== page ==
As reported in the Washington Post ...

"A majority of the Federal Communications Commission has concluded that cable operator Comcast unlawfully disrupted the transfer of certain digital video files, affirming the government's right to regulate how Internet companies manage Web traffic."

"Three commissioners on the five-member FCC have signed off on an order that finds Comcast violated federal rules by purposely slowing the transmission of video files shared among users of the application BitTorrent."

"Comcast has said it delayed the files to assure that enough bandwidth remained available for other users on its network. But the company did not disclose its practices until public interest groups and the video-sharing site complained to the FCC, alleging that the company had set itself up to be a secret gatekeeper of content, picking and choosing which applications to favor."

Original Blog Entry ...

The question…

Do you want your Internet Services bundled and billed in the same manner that your current telephone and cable providers now use when providing your existing service?

A simple, easy to understand question. No more, no less.

Connectivity is a commodity...

Internet connectivity is a commodity. There is essentially very little difference between Internet access provided by your wireline provider, wireless provider or your cable/satellite provider. In each instance your computer is connected to the Internet.

And you already are paying...

You have already paid for your computer equipment, modem and the connection. You are already being billed by the common carriers depending on whether or not you are using dial-up, DSL, cable or T-1 services. Your monthly bill already reflects the connection speed. At the other end, your content provider is paying the same expenses: computer, connection and bandwidth.

So why should the common carriers insert another complex regulatory structure in the transaction in order to be charge you by the type of service you are using: download audio or video content, VoIP (Voice over Internet Protocol) telephone, e-mail or simple web browsing? All in the guise of improving service and, laughably, lowering connection costs.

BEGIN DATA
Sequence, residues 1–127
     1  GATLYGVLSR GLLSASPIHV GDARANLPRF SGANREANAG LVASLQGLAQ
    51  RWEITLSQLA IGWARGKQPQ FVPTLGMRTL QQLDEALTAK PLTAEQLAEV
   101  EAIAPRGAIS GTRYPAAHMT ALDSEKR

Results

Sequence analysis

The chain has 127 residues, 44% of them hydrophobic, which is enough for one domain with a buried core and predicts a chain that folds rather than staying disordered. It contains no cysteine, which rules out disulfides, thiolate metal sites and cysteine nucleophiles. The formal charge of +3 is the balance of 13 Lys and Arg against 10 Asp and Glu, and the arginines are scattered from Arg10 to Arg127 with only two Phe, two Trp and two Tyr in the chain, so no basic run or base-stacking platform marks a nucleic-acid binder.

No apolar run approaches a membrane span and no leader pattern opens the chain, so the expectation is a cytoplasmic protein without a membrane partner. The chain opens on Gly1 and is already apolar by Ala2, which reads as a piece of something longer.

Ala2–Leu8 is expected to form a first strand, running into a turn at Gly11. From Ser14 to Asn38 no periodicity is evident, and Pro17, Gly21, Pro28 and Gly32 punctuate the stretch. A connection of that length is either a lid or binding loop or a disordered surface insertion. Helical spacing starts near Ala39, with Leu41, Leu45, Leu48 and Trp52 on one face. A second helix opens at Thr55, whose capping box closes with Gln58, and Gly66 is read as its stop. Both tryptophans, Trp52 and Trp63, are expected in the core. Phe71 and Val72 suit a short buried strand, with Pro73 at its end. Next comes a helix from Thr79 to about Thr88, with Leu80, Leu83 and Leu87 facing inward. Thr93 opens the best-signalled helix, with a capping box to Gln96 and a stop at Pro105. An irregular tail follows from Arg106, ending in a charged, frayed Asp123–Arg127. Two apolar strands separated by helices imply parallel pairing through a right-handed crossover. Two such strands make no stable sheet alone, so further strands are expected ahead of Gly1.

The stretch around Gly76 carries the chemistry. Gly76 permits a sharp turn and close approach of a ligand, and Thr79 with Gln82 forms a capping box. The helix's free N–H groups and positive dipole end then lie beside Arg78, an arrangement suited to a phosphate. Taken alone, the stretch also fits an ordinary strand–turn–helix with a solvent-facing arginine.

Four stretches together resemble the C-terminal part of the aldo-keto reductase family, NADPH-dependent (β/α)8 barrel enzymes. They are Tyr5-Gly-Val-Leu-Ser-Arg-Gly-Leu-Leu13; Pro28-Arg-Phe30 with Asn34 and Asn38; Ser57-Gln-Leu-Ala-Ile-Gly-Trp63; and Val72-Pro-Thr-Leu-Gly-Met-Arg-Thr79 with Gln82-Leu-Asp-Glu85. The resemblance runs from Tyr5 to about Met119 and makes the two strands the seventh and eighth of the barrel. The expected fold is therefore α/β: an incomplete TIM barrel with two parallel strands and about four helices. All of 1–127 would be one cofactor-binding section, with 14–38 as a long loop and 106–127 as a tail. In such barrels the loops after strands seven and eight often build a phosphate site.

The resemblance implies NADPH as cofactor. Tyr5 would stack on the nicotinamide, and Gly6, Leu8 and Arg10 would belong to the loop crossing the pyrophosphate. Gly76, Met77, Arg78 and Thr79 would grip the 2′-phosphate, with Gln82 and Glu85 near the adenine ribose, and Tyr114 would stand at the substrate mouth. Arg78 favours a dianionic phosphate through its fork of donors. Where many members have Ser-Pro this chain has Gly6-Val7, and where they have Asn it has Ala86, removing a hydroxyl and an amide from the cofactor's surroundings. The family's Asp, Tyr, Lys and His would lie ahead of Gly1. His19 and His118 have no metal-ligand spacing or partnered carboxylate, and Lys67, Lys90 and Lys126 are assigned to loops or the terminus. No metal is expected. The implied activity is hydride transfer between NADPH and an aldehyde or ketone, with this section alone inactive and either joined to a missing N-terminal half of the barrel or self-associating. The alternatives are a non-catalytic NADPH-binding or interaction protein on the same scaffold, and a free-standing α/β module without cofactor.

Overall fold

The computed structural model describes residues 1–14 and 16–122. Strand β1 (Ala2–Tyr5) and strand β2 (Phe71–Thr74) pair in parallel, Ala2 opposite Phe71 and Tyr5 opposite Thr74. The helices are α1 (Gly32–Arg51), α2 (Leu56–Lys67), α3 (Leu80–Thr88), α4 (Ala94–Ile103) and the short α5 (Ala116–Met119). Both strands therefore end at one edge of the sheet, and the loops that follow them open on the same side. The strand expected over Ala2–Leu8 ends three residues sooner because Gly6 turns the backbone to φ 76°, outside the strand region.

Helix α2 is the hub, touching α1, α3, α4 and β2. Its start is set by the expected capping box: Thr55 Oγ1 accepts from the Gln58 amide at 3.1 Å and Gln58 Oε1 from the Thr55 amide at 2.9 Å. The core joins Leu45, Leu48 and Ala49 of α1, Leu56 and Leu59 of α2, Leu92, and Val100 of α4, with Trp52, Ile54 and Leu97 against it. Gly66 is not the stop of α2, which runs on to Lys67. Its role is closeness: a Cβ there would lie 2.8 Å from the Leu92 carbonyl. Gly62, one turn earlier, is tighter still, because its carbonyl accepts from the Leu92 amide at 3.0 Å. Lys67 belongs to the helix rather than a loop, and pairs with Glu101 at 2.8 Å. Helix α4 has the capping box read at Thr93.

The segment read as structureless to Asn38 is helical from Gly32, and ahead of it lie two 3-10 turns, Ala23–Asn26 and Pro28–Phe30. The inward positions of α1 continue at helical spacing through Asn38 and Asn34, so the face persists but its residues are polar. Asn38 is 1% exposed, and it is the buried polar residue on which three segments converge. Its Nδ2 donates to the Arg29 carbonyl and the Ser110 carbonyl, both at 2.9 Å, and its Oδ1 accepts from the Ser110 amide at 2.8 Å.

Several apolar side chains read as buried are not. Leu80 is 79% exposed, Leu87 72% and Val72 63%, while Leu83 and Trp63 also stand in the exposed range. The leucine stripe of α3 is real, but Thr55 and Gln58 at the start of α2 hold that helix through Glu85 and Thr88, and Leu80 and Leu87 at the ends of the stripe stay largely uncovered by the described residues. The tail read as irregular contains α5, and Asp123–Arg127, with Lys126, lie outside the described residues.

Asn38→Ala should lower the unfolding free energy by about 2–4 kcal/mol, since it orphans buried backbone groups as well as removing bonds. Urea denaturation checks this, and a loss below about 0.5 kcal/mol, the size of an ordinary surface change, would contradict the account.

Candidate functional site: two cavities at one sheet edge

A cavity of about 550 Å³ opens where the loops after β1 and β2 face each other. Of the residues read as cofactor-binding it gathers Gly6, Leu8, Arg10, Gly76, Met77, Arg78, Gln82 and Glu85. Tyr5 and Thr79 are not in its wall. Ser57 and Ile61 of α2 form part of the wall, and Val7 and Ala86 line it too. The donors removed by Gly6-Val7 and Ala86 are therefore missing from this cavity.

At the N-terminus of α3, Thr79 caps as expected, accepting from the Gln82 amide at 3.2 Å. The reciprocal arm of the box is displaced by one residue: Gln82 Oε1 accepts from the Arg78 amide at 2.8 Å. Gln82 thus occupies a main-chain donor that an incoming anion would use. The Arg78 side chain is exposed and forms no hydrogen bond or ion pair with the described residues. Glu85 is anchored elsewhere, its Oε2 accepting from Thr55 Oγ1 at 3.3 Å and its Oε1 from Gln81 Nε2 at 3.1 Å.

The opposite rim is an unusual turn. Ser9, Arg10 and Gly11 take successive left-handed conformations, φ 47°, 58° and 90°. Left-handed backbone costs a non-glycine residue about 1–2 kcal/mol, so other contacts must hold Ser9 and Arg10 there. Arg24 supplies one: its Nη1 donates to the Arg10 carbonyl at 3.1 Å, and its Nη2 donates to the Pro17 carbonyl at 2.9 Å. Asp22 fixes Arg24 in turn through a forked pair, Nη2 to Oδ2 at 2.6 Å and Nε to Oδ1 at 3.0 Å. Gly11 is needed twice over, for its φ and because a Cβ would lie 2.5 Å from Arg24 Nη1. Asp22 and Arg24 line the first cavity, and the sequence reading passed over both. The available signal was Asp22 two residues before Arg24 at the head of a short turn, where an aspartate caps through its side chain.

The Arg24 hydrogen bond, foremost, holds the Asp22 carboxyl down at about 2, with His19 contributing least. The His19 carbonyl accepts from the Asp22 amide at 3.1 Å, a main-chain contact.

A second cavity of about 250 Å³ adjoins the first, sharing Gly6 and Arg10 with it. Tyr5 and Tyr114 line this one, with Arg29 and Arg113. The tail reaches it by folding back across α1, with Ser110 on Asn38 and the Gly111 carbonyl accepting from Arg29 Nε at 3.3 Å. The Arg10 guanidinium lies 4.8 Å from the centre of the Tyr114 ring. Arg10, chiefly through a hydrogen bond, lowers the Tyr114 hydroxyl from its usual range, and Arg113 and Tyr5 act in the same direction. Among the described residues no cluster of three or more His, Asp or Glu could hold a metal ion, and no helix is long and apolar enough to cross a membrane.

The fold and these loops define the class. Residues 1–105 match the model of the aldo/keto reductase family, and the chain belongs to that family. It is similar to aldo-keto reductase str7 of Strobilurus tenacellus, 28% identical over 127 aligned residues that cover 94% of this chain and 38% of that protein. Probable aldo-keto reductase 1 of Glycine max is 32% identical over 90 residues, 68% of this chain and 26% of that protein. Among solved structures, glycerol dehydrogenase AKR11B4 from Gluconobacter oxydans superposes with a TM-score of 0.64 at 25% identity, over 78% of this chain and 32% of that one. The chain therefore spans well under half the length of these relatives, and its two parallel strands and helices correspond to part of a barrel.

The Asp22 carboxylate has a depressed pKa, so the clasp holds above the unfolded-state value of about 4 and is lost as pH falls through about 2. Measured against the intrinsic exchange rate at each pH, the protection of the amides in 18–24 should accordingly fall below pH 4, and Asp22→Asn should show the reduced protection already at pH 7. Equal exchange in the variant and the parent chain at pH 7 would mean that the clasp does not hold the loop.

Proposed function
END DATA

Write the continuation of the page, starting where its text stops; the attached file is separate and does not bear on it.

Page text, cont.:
The electronic toll-taker...

But that is exactly what they want to do. They want to leverage your in-home connection into a gateway guarded by their toll-booth – to make you pay-and-pay-and pay.

Bogus benefits...

Their argument that video down-loaders suck-up all the bandwidth and reduce service quality for everyone is mostly bogus… especially in the era of fiber-optic cable.

Their claim that charging for e-mail will reduce unwanted SPAM may be partly true, but do you want to pay extra to insure that your messages are delivered faster than those paying little or nothing for their services.

Do you want to see Internet innovation die as multi-layer Web 2.0 mash-ups are charged by the type of audio-visual content? Or VoIP (Voice over Internet Protocol) be turned into just another tariffed common carrier service? 

Competing on chaos….

Historically, the common carriers have competed mostly on an overly complex set of service levels which present an almost incomprehensible series of time ranges, bonuses, service levels and speeds which serves to mystify the  communications professional as well as the average consumer.